In Science, students are not just memorizing the periodic table. They learn to take far more responsibility for their own learning, organization, and success. They experiment with different ways to organize information and to study it, in order to find the methods that work best for them. They become familiar with lab safety and other lab techniques. They develop skills of questioning, critical thinking, creative problem-solving, and respectful discussion based on facts rather than on preconceived notions, biases, or popular opinion. They learn to think scientifically.
Science and Life Issues (Middle School)
Science and Life Issues lays the groundwork for future biology and life science classes. The course exposes students to basic concepts of cell theory and germ theory, the design of a clinical trial and public health issues, form and function of body systems, ecology, genetics, and evolution including units on weather and astronomy.
Introduction to Physical Science (Middle School)
Intro to Physical Science lays the groundwork for physics and chemistry. The course exposes students to basic concepts such as mass, volume, density, boiling and melting points, solubility and concentration, atoms and radioactive decay, and the periodic table of the elements. They learn key lab techniques including fractional distillation and fractional crystallization and practice using scientific notation in their calculations.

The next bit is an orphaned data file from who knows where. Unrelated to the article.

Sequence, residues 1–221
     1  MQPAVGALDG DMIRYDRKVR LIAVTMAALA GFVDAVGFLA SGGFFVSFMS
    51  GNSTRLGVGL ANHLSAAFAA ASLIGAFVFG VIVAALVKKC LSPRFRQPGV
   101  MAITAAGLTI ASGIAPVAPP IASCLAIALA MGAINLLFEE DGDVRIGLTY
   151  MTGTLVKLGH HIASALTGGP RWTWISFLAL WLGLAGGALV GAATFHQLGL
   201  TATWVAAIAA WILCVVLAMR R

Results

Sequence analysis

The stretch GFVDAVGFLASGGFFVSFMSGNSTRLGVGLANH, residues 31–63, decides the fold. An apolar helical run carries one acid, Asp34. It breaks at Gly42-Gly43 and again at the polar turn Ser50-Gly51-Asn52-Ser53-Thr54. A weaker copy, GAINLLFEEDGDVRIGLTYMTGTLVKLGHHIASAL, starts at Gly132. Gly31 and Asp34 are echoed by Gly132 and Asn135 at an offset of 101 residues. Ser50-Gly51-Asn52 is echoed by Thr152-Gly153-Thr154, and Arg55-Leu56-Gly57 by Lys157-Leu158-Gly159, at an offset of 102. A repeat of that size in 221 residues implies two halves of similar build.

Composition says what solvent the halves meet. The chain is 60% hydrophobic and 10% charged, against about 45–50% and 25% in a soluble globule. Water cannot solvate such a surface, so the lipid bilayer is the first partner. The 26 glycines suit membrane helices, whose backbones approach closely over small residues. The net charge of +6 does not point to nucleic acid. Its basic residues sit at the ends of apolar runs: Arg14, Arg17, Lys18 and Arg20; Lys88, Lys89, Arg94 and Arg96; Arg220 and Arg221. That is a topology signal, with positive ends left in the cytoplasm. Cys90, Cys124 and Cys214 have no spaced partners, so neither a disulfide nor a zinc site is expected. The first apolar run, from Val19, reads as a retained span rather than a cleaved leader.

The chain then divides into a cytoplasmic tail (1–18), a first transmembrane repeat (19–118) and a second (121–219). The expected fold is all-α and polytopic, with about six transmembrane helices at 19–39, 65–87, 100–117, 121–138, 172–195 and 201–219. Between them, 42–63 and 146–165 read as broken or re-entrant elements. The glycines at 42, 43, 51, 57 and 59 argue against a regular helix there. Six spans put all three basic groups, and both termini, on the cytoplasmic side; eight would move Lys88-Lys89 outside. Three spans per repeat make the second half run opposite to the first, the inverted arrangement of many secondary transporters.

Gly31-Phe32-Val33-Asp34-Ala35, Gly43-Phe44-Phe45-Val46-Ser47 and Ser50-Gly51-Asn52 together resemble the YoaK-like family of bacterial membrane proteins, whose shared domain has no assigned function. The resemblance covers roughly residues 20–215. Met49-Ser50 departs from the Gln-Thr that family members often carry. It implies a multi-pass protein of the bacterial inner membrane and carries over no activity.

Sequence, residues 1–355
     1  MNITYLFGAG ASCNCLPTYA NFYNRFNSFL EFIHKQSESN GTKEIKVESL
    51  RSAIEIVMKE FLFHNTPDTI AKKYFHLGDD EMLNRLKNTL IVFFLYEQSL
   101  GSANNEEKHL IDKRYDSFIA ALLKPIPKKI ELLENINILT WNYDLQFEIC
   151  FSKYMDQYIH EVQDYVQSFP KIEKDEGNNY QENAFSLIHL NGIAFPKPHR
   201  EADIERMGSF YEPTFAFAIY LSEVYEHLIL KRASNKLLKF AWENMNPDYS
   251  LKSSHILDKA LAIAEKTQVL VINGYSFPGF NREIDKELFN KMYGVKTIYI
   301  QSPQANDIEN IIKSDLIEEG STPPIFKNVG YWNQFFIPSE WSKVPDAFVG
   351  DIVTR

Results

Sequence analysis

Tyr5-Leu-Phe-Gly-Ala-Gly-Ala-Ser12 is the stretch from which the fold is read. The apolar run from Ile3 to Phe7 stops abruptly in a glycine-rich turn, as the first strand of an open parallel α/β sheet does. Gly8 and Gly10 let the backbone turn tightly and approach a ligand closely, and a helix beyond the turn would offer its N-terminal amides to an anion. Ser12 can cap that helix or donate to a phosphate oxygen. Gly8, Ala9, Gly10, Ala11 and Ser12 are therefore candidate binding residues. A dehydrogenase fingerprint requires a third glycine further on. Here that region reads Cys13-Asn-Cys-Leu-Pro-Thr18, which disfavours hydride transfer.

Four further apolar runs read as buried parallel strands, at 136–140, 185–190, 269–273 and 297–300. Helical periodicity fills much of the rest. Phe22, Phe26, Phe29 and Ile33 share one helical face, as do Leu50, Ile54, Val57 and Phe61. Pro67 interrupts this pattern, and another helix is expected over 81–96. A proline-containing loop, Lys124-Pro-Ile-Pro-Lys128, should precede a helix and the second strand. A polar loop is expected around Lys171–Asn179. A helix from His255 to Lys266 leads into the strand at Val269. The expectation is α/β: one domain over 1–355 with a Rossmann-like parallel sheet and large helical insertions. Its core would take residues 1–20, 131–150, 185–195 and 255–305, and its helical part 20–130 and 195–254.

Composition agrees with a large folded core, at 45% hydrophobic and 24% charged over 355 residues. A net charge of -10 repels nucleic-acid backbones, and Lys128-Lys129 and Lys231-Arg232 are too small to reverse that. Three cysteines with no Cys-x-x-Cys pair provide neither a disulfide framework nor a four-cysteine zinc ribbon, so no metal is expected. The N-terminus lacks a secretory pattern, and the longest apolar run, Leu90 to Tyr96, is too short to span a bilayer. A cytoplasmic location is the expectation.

Physics (High School)
Physics prepares those students who want to learn the basics of physics and those who are preparing for a more rigorous course of study at the college level. In addition to basic principles, the six major areas of study (mechanics, properties of matter, heat, sound and light, electricity, and atomic and nuclear physics) are explored. Hands on laboratory experiences which relate to specific concepts are provided to allow the student to observe relationships, identify variables, and to develop explanations.
Chemistry (High School)
Chemistry prepares those students who want to learn the basics of chemistry and those who are preparing for a more rigorous course of study at the college level. In addition to basic chemical principles, the five major areas of study (organic, inorganic, analytical, physical, and biochemistry) are covered. Hands-on laboratory experiences which relate to specific concepts are provided to allow the student to observe relationships, identify variables, and to develop explanations.
Biology (High School)
Biology requires students to apply concepts learned in physics and chemistry to understanding physiology of organisms from the five kingdoms, genetics and evolutionary processes, and environmental processes.
Environmental Science (High School)
Environmental Science an advanced twelfth grade science, requires students to apply concepts learned in physics, chemistry, and biology to develop an understanding of the planet and its resources and the interactions among organisms and the environment. The course includes field study techniques and GIS applications.
Experimental Science (High School)
Experimental Science, an advanced twelfth grade science, is a laboratory-based course that integrates all the natural sciences presenting them as a single area of study. Chemistry, physics, biology and earth science are linked together through the use of real world applications. Challenging laboratory activities connect one area of science to another, and help students discover the science behind things they see every day. An individual Science Fair project provides flexibility in the selection of topics and content which allows all students an opportunity to learn by doing.